The trans-species core SELF: the emergence of active cultural and neuro-ecological agents through self-related processing within subcortical-cortical midline networks
David Bourget (Western Ontario)
David Chalmers (ANU, NYU)
Rafael De Clercq
Jack Alan Reynolds
Learn more about PhilPapers
Consciousness and Cognition 18 (1):193â215 (2009)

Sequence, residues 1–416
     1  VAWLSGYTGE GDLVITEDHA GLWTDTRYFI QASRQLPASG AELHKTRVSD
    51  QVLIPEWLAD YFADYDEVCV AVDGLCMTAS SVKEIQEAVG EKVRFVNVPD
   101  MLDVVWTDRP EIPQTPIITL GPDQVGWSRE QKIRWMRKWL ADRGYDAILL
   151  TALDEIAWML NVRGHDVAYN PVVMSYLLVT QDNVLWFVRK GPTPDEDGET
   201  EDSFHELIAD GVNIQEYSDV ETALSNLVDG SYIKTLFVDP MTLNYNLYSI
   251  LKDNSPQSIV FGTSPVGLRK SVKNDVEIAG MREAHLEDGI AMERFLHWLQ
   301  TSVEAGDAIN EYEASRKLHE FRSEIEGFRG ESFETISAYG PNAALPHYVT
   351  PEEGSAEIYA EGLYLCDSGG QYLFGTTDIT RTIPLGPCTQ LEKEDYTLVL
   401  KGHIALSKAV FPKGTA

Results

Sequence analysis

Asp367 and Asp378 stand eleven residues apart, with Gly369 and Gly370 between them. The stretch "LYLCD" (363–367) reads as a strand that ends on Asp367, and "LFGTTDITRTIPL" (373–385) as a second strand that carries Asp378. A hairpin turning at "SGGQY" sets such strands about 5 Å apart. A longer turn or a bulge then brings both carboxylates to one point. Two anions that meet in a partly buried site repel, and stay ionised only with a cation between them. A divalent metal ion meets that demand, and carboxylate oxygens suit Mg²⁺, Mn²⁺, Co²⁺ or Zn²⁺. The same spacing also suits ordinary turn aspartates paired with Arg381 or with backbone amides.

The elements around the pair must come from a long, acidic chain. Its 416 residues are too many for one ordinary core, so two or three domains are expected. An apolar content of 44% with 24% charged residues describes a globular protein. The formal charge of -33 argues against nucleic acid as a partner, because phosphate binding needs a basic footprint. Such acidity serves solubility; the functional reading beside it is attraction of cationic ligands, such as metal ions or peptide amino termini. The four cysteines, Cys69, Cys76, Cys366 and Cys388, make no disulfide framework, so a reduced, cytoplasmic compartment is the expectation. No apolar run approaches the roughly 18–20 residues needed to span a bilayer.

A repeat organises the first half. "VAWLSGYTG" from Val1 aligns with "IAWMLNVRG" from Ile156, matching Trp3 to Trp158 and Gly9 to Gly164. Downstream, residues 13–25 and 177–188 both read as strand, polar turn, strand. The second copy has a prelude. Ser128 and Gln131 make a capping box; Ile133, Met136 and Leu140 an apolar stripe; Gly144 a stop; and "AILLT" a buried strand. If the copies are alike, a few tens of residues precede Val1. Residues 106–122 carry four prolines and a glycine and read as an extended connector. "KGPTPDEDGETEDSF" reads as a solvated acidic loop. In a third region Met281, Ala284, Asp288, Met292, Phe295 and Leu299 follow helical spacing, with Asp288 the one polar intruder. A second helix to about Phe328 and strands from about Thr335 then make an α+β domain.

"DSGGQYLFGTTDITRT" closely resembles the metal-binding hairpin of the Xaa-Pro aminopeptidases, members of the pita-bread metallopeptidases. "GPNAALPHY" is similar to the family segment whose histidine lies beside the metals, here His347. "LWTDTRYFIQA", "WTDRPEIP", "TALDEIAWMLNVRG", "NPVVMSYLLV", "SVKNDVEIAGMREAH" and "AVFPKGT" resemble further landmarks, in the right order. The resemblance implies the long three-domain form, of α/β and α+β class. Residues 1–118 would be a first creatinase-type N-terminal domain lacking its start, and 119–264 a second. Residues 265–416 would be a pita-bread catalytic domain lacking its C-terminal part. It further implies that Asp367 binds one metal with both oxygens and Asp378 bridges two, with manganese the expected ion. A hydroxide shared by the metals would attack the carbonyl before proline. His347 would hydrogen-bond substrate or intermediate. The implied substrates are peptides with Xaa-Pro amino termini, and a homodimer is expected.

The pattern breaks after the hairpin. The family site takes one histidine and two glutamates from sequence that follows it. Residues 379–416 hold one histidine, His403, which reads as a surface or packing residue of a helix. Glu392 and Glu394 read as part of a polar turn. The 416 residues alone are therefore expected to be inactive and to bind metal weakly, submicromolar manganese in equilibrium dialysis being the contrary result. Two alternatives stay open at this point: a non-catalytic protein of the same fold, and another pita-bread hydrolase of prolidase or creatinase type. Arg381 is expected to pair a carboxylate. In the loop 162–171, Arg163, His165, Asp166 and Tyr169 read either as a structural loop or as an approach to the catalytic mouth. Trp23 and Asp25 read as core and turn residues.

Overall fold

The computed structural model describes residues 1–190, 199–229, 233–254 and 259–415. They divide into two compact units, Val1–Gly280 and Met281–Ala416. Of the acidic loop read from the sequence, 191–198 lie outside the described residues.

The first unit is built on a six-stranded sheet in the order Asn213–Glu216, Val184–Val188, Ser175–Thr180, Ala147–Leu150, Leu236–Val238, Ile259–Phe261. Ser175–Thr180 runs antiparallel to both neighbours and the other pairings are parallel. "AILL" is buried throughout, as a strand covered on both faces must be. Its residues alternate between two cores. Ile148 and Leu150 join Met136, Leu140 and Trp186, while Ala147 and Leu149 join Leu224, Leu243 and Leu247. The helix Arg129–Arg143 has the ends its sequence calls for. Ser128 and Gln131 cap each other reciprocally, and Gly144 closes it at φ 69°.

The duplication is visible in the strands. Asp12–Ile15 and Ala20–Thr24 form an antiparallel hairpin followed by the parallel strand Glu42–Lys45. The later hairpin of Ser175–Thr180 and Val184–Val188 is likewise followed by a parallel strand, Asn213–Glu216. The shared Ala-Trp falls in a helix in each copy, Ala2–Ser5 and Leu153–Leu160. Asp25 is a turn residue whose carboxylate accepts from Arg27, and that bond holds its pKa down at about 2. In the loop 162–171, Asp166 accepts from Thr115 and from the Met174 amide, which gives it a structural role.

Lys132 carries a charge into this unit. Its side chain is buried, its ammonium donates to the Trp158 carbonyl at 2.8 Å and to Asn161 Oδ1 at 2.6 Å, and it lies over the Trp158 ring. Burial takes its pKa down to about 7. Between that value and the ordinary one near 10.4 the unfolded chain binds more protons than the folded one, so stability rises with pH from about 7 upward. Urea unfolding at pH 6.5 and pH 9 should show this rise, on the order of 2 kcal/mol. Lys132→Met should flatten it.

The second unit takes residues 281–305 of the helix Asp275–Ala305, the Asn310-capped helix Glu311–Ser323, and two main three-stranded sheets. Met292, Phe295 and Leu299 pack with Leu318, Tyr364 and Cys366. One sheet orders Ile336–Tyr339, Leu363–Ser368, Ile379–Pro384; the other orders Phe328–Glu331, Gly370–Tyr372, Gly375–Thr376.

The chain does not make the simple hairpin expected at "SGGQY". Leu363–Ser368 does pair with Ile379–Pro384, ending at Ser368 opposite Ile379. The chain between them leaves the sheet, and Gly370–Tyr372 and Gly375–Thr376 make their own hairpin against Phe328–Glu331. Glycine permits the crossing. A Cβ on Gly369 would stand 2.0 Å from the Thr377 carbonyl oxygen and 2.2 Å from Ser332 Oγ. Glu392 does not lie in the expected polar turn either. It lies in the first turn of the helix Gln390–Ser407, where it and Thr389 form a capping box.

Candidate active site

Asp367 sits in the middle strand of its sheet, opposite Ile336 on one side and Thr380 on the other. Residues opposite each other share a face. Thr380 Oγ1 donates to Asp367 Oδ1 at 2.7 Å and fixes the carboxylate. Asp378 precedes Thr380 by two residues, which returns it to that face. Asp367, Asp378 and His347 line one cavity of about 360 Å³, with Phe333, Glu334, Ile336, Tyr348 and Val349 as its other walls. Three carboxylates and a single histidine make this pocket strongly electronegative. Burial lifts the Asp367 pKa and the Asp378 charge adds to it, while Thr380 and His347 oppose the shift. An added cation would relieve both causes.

The nature of “the self” has been one of the central problems in philosophy and more recently in neuroscience. This raises various questions: Can we attribute a self to animals? Do animals and humans share certain aspects of their core selves, yielding a trans-species concept of self? What are the neural processes that underlie a possible trans-species concept of self? What are the developmental aspects and do they result in various levels of self-representation? Drawing on recent literature from both human and animal research, we suggest a trans-species concept of self that is based upon what has been called a “core-self” which can be described by self-related processing as a specific mode of interaction between organism and environment. When we refer to specific neural networks, we will here refer to the underlying system as the “core-SELF.” The core-SELF provides primordial neural coordinates that represent organisms as living creatures—at the lowest level this elaborates interoceptive states along with raw emotional feelings while higher medial cortical levels facilitate affective-cognitive integration . Developmentally, SRP allows stimuli from the environment to be related and linked to organismic needs, signaled and processed within core-self structures within subcorical-cortical midline structures that provide the foundation for epigenetic emergence of ecologically framed, higher idiographic forms of selfhood across different individuals within a species. These functions ultimately operate as a coordinated network. We postulate that core SRP operates automatically, is deeply affective, and is developmentally and epigenetically connected to sensory-motor and higher cognitive abilities. This core-self is mediated by SCMS, embedded in visceral and instinctual representations of the body that are well integrated with basic attentional, emotional and motivational functions that are apparently shared between humans, non-human mammals, and perhaps in a proto-SELF form, other vertebrates. Such a trans-species concept of organismic coherence is thoroughly biological and affective at the lowest levels of a complex neural network, and culturally and ecologically molded at higher levels of neural processing. It allows organisms to selectively adapt to and integrate with physical and social environments. Such a psychobiologically universal, but environmentally diversified, concept may promote novel trans-species studies of the core-self across mammalian species